Why Brits Stopped Eating Horsemeat
Friday, February 22, 2013
NOTTINGHAM, ENGLAND—A new report published in the Oxford Journal of Archaeology tracks how horsemeat fell out of favor as a component of the British diet from the A.D. sixth to eighth century. Looking at faunal remains at various settlements, study author Kristopher Poole, a doctoral candidate at Nottingham University, explains that at early sites remains of horse heads are often found, though other bones are not—indicating Anglo Saxons of the time were feasting on equine meat. Data from the end of the eighth century suggests that eating of horsemeat then fell out of practice. Poole suggests that the cause for the reduction in dining on horse might have been driven by the spread of Christianity during the same period of time. Horsemeat was likely associated with pagan practices, which would have been suppressed at that time.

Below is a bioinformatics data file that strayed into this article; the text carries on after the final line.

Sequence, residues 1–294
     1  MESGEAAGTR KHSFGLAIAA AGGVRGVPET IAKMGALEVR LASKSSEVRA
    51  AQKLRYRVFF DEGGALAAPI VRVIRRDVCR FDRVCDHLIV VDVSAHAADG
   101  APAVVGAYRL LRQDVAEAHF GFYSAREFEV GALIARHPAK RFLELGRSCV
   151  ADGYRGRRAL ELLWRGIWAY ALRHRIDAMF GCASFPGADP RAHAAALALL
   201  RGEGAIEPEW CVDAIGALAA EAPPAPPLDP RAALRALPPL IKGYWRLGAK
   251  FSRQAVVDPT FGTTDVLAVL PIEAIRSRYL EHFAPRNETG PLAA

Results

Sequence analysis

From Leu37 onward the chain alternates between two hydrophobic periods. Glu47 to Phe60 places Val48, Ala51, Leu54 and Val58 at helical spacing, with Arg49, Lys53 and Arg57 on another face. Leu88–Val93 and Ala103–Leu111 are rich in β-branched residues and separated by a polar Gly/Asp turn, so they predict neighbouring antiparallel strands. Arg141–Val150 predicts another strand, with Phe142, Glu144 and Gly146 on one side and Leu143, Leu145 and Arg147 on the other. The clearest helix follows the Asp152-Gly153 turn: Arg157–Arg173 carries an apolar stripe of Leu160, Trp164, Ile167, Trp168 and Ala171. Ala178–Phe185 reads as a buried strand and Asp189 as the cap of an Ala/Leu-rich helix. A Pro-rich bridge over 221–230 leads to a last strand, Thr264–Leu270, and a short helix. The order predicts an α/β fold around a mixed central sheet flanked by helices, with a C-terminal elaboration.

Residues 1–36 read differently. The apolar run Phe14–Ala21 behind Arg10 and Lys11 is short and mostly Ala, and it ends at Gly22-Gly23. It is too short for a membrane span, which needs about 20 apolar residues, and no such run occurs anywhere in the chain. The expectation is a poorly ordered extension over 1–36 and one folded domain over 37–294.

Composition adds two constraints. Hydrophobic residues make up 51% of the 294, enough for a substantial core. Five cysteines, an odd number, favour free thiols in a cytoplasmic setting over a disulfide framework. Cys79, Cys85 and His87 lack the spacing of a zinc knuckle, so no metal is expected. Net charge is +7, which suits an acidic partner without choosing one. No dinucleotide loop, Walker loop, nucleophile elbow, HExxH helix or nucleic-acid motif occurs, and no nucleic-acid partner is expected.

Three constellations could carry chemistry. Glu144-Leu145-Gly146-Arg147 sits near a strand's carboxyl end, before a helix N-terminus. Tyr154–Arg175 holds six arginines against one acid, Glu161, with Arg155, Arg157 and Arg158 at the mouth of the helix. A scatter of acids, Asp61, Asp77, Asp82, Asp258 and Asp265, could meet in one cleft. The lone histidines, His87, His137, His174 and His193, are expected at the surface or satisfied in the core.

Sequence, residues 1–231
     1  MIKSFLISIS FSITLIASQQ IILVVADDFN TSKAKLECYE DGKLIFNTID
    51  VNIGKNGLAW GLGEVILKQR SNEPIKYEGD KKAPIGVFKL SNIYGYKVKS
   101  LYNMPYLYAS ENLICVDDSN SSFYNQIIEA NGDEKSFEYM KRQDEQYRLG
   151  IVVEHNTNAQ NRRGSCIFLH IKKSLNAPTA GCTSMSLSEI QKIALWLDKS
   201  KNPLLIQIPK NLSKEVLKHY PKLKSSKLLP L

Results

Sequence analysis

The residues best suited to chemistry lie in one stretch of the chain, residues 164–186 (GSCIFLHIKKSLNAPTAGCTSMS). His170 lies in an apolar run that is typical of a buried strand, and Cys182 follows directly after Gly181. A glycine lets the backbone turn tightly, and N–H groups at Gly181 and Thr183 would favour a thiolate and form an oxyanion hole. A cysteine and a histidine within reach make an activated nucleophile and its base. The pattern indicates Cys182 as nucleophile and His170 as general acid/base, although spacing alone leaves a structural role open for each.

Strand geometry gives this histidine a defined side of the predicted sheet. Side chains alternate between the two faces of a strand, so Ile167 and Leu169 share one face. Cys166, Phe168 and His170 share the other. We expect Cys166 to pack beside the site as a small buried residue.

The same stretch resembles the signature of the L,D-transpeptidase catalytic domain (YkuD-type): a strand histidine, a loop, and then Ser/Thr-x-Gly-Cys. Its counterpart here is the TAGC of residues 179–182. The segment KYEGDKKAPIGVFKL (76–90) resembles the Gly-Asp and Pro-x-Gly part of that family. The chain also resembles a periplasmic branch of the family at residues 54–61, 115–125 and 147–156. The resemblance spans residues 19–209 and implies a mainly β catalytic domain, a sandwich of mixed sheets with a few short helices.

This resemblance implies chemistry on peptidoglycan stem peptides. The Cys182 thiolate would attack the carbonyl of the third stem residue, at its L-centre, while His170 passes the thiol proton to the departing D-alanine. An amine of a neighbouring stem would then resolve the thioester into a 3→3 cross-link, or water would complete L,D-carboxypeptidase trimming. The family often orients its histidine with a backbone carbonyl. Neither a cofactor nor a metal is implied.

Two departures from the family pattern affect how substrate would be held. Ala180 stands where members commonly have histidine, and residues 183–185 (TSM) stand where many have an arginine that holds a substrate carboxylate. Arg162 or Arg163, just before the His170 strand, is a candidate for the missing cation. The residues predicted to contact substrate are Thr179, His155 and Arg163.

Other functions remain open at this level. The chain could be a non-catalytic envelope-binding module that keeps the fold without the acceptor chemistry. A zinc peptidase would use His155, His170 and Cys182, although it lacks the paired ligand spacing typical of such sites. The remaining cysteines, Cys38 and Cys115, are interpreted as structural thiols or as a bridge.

IN THE CURRENT ISSUE
From the Trenches
Civil War booze, world’s oldest pretzels, Austria’s war camels, coral tombs of the Pacific, and a 2.8-million-year-old human
Styling hair in Bronze Age Wales